4. They are too small to allow for a lot of effective packaging. Again, I don't want to sound like a sad and nostalgic old man, but do you remember those great albums released in the early 80's which had huge, fold-out poster sleeves and loads of literature with them? What likelihood is there that we'll see releases like that in 10 years time, once vinyl has been phased out? The size of CDs, and their packaging, encourages bands to concentrate more and more on the music, and less on producing challenging and creative artwork, lyrics, and literature.
5. There is no such thing as an 'independent' compact disc release. The manufacturing process is patented by the Philips Corporation, and for each disc that is made they must be paid a form of license fee (you'll notice that all compact discs have the same copyrighted logo on them). That means that every time you buy a CD you put money into the hands of the multinationals - there's no way around it. The most worrying aspect of this is the question of who is controlling our music. At present, if a manufacturing company wants to produce CDs it must obtain a license to do so. What will happen if, once the marketing men have successfully phased out vinyl from the shops, they may start monitoring what is being released with a view to censoring material which is politically or socially challenging. Does this sound a bit far-fetched to you? Well, in the totalitarian regimes which used to exist in the Eastern Bloc, one method the state used to try to suppress material which challenged it was to control access to equipment which could be used to copy music and writings. It could happen here. Multinationals such as Philips are part of the system that we oppose, and it would be foolish for us to give them even more control over what we do. It could mean that in 10 years time we have been driven so far underground that we could have no real effect, and the music industry would have successfully stamped out dissent within its ranks.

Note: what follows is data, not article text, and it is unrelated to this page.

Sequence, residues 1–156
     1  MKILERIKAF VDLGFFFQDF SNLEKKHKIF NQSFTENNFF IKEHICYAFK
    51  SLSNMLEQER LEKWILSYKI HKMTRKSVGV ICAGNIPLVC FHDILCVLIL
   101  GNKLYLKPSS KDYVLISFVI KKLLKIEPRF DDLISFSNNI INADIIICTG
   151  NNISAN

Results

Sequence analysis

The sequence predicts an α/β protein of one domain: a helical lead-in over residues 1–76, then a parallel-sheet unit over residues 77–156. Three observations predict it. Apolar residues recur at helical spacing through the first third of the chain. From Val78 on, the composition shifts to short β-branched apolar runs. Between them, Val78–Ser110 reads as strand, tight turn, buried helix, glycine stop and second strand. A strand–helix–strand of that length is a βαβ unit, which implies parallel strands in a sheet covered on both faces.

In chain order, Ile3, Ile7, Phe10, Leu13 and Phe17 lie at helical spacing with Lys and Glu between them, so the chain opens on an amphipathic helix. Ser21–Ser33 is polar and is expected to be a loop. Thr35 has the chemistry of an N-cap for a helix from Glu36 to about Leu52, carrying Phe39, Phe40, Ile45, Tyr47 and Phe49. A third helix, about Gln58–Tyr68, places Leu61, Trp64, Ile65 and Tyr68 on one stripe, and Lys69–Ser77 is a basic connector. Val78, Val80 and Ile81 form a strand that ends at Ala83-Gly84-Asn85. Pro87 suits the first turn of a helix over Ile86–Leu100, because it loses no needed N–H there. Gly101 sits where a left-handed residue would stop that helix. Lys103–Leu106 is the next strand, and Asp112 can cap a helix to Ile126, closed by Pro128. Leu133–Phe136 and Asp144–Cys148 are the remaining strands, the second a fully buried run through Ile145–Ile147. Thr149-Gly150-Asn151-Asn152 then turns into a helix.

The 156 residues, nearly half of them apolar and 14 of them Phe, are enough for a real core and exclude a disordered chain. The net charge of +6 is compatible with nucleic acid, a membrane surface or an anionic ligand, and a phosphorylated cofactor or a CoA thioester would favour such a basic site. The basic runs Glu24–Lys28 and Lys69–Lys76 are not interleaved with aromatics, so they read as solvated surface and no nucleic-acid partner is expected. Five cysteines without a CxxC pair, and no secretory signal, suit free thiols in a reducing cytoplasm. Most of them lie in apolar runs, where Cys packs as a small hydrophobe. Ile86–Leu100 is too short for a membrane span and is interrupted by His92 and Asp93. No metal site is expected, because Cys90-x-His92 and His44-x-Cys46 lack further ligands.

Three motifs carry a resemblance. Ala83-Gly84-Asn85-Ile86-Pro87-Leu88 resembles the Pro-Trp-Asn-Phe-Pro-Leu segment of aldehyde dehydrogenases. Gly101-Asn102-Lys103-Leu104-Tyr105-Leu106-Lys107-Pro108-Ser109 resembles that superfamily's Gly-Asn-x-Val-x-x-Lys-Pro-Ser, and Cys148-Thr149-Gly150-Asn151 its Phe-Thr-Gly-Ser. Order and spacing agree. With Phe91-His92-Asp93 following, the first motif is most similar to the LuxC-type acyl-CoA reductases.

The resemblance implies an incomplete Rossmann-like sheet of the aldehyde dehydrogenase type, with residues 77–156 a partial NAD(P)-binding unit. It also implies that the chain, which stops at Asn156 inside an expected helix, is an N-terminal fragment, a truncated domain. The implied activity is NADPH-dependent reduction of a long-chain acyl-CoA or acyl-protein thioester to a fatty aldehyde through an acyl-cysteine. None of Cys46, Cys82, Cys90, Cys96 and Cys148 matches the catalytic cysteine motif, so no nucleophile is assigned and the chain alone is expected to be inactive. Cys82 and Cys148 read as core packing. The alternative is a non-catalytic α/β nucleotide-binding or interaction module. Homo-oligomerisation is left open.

So, there you have just a few reasons why we don't produce compact discs, and, furthermore, we never will do in the future either. Understand now? Good - then don't fuckin' ask me again.
/By Active Minds

PS from SzSS: I won't be releasing CDs I hope but I still distribute a few - mainly those produced by the DIY scene. Thing happen, y'know.

На скамье - Алексей Шведов. Тот самый.